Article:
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Using Rheological Methods to Characterize Cystic Fibrosis (CF) Sputum and the Effects of Mucoactive Agents (GIST)

This study has been completed.
Genentech, Inc.
Information provided by (Responsible Party):
University of California, San Francisco Identifier:
First received: September 22, 2008
Last updated: January 22, 2014
Last verified: January 2014
The purpose of this study is to characterize the rheological properties of cystic fibrosis (CF) and healthy sputum and to examine the effects of mucoactive agents on the rheology of CF and healthy sputum. By collaborating with Genentech, the investigators (scientists at UCSF) plan to incorporate the latest scientific findings into our work to discover and develop new treatments for CF.

Cystic Fibrosis

Study Type: Observational
Study Design: Observational Model: Case Control
Time Perspective: Prospective
Official Title: Using State-of-the-art Rheological Methods to Characterize CF Sputum and the Effects of Mucoactive Agents: A Pilot Study

Resource links provided by NLM:

Further study details as provided by University of California, San Francisco:

Primary Outcome Measures:
  • Shear Rheology [ Time Frame: Cross-sectional ]
    Baseline measure of sputum shear rheology

Biospecimen Retention:   Samples Without DNA

Enrollment: 38
Study Start Date: October 2007
Study Completion Date: December 2012
Primary Completion Date: December 2012 (Final data collection date for primary outcome measure)
Cystic Fibrosis
People who have been diagnosed with cystic fibrosis
People who do not have cystic fibrosis and who do not have any other lung conditions

Detailed Description:
There are two major mechanisms for mucus clearance in the airway, both of which are dependent upon optimal mucus viscosity and elasticity. These mechanisms are severely impaired in cystic fibrosis. The physical properties of sputum can be measured using rheological methods, enabling comparison between mucus in health and in disease. Therapies which enhance mucus clearance from the airway and decrease the volume of airway secretions are collectively called "mucoactive agents." Therapies which specifically disrupt innate mucus architecture by breaking intermolecular entanglements and bonds are called mucolytic agents. Mucolytic drugs can be considered in three general categories: classic mucolytics (n-acetylcysteine), peptide mucolytics (Pulmozyme®), and non-destructive mucolytics (hypertonic saline). Using state-of-the-art rheological methods, we can characterize the physical properties of CF mucus and measure the rheologic effects of mucoactive drugs more accurately and reproducibly than what has been previously done in the literature. In this way, we will determine which of the current mucoactive agents are most effective in normalizing sputum rheology in CF, and we will gain important insights about the limitations of current mucoactive drugs.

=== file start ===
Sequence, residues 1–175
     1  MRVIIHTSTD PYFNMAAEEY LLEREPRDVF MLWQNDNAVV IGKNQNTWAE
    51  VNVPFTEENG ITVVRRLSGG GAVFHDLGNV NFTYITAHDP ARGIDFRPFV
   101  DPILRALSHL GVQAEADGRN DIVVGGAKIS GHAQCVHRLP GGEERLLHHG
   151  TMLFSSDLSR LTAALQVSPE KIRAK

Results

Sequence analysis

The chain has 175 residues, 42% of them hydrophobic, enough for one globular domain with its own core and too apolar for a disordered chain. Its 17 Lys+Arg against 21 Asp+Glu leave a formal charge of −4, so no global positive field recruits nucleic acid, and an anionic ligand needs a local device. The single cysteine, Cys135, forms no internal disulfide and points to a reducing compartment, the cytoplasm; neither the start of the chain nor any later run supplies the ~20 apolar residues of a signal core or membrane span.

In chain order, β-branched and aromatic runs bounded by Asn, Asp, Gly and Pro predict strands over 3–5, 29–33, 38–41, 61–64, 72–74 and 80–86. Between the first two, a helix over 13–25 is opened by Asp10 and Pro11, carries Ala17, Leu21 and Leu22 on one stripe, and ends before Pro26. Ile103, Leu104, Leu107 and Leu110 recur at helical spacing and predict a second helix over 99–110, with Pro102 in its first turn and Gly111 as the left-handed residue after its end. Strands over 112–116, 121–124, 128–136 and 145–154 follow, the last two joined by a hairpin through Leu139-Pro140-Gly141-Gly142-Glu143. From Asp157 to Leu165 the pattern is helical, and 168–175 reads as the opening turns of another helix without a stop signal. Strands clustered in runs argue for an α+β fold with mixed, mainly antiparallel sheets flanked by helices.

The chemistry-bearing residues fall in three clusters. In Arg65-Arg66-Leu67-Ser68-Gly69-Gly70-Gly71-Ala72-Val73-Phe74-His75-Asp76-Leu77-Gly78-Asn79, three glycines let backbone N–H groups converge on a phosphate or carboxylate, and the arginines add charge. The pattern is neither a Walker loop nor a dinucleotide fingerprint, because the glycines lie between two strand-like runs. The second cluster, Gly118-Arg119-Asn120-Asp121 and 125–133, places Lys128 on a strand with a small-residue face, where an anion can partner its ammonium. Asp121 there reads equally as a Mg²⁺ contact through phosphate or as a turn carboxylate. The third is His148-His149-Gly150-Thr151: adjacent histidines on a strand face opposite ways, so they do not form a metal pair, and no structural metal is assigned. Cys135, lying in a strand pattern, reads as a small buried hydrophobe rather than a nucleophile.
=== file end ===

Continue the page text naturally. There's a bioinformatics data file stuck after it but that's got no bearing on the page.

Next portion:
Ages Eligible for Study:   18 Years to 65 Years   (Adult)
Sexes Eligible for Study:   All
Accepts Healthy Volunteers:   Yes
Sampling Method:   Non-Probability Sample
Study Population
People who have cystic fibrosis and those who do not have any lung disease

Inclusion Criteria:

  • Healthy control subjects:

    • Age 18-65
    • No history of lung disease or cardiac disease
  • Cystic fibrosis subjects:

    • Age 18-65
    • Diagnosis of CF - sweat chloride values > 60 mM on pilocarpine iontophoresis sweat tests and/or 2 allelic CF-producing mutations by genetic analysis

Exclusion Criteria:

  • Use of recreational drugs within 1 year prior to enrollment
  • Use of tobacco within 1 year prior to enrollment, or > 10 pack-year tobacco history
  • Upper respiratory tract infection in the 4 weeks prior to enrollment in the study
  • Current use of antihistamines to treat allergies
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Please refer to this study by its identifier: NCT00758771

United States, California
UCSF Airway Clinical Research Center
San Francisco, California, United States, 94143-0130
Sponsors and Collaborators
University of California, San Francisco
Genentech, Inc.
  More Information

Additional Information:
Responsible Party: University of California, San Francisco Identifier: NCT00758771     History of Changes
Other Study ID Numbers: 10-02116
Study First Received: September 22, 2008
Results First Received: January 22, 2014
Last Updated: January 22, 2014

Additional relevant MeSH terms:
Cystic Fibrosis
Pathologic Processes
Pancreatic Diseases
Digestive System Diseases
Lung Diseases
Respiratory Tract Diseases
Genetic Diseases, Inborn
Infant, Newborn, Diseases processed this record on September 21, 2017